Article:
Haiti has long been considered the poorest country in the Western Hemisphere. Today, the vast majority of Haitians live at the lowest economic level and many suffer from a lack of food and medical care.
An estimated 80 percent of Haitians live under the poverty line and 54 percent live in abject poverty. More than half of the population, including two-thirds of the children, suffers from malnutrition. About 117 of every 1,000 children die before reaching their fifth birthday. Haiti’s mortality rate is about 13 people per 1,000; its birth rate is more than double that, at about 36 people per 1,000.
Life expectancy is 51 years for men and 54 years for women. Nearly a quarter of the country’s rural families have no land at all, and Haiti must import nearly a quarter of its overall food supplies. Lack of usable water has become a major problem. Clean water for drinking, cooking and bathing is in short supply, so the instance of waterborne diseases, such as diarrhea, is high. Schools are clustered in cities, so children who live in remote areas do not receive even a basic education. Haiti’s literacy rate is about 53 percent.
In the early 17th century, the French established a presence on Hispaniola, and in 1697, Spain ceded to the French the western third of the island, which later became Haiti. The French colony, based on forestry and sugar-related industries, became one of the wealthiest in the Caribbean, but only through the heavy importation of African slaves and considerable environmental degradation. In the late 18th century, Haiti's nearly half million slaves revolted under Toussaint L'Ouverture. After a prolonged struggle, Haiti became the first black republic to declare its independence in 1804.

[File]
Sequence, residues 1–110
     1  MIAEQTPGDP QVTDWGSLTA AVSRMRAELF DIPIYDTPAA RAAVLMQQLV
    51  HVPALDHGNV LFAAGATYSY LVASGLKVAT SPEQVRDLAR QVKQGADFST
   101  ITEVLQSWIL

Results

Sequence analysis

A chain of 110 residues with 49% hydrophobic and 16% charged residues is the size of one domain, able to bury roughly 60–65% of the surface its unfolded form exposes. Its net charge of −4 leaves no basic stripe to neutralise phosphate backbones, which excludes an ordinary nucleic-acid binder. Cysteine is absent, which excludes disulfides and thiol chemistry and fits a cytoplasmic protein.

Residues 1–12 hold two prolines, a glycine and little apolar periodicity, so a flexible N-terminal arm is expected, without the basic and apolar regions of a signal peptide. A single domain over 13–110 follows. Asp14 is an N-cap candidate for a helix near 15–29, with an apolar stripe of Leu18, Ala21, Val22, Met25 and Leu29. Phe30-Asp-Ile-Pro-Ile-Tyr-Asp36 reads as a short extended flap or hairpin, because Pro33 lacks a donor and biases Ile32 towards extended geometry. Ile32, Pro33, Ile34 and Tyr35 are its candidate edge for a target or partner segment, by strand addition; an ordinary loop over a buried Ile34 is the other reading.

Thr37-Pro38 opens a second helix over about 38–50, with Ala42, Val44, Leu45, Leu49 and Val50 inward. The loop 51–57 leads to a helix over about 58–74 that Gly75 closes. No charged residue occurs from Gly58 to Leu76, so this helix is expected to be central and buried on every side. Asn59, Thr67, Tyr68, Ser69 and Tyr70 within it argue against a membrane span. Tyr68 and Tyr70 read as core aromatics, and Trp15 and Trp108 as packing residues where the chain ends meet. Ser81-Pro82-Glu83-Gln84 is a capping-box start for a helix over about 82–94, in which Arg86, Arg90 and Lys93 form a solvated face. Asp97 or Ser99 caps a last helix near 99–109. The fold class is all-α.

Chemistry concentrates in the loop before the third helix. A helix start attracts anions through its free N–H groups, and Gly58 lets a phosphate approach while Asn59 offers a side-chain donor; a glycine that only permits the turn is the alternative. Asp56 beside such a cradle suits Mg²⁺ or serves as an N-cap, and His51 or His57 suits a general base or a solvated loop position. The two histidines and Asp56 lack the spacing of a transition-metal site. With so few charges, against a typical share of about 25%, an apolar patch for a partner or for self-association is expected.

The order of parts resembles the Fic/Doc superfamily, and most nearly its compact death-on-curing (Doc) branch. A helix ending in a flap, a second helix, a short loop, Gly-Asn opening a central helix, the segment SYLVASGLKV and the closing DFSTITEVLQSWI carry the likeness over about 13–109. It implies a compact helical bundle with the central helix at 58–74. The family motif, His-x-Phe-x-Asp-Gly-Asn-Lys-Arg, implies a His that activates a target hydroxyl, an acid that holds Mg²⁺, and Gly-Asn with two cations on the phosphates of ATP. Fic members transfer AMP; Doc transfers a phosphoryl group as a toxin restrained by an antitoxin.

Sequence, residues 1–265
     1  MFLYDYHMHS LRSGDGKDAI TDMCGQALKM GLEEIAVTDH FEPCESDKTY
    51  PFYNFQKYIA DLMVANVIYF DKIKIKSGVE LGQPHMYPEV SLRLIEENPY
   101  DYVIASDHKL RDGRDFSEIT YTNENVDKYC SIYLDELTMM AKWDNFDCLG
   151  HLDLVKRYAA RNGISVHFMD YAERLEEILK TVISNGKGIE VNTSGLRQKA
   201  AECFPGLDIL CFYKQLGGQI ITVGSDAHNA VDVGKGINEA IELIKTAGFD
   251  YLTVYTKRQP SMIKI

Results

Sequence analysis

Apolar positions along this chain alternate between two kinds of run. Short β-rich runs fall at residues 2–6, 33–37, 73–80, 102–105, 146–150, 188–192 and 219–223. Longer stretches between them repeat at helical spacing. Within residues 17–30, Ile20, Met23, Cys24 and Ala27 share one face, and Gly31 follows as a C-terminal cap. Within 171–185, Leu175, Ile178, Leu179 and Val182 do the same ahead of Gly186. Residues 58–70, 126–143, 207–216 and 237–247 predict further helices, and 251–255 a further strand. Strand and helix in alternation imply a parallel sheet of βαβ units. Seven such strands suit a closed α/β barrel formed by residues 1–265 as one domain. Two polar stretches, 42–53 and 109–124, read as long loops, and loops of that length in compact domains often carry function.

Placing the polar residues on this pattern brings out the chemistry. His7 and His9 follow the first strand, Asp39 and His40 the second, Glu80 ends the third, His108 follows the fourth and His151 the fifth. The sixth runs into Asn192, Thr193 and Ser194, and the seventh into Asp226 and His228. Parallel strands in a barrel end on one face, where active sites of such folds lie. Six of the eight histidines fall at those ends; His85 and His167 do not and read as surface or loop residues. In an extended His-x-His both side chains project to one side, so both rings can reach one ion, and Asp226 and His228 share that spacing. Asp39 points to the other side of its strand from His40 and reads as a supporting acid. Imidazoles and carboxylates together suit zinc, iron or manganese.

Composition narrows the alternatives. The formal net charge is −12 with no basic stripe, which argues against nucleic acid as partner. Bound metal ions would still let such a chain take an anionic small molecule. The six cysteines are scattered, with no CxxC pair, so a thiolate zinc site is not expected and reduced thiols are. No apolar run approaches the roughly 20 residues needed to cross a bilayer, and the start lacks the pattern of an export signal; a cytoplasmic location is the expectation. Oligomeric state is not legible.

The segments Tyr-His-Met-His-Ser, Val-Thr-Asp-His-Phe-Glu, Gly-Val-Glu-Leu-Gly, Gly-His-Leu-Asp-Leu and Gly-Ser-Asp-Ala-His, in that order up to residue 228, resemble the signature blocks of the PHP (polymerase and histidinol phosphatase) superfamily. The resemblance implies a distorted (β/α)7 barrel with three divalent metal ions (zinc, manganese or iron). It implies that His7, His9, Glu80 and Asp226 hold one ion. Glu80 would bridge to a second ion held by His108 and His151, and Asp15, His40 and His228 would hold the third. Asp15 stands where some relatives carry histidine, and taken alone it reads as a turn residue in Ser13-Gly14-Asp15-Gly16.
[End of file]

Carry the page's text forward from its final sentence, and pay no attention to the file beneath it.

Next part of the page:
The poorest country in the Western Hemisphere, Haiti has been plagued by political violence for most of its history. After an armed rebellion led to the forced resignation and exile of President Jean-Bertrand Aristide in February 2004, an interim government took office to organize new elections under the auspices of the United Nations Stabilization Mission in Haiti (MINUSTAH). Continued violence and technical delays prompted repeated postponements, but Haiti finally did inaugurate a democratically elected president and parliament in May of 2006.
On Tuesday, Jan. 12, 2010, a magnitude 7.0 rocked the Caribbean nation at 4:53 P.M. According to the US Geological Survey, the epicenter was about 15 miles WSW of Port-au-Prince. More than 250,000 were reportedly killed, and more than 1.3 million were left homeless at the time. As Haiti struggles to recover, thousands have been relocated to permanent and temporary housing, but thousands more remain in tent cities.
An outbreak of cholera was confirmed in Haiti on October 21, 2010, according the Center of Disease Control and Prevention. According to published reports, the disease may have originated at a United Nations military camp north of the capital, which spilled raw sewage into a tributary of the Artibonite River. As of June 2011, cholera has sicken nearly 300,000 and killed more than 5,000 people since the start of the outbreak.
Michel Martelly, 50, is the President of Haiti following his victory in the presidential election of 2011. On April 4, a senior Haitian official announced that Martelly had won the second round of the election against candidate Mirlande Manigat, 70, a college professor and former first lady. Before entering the political scene, Martelly was a performing and recording artist, composer and businessman.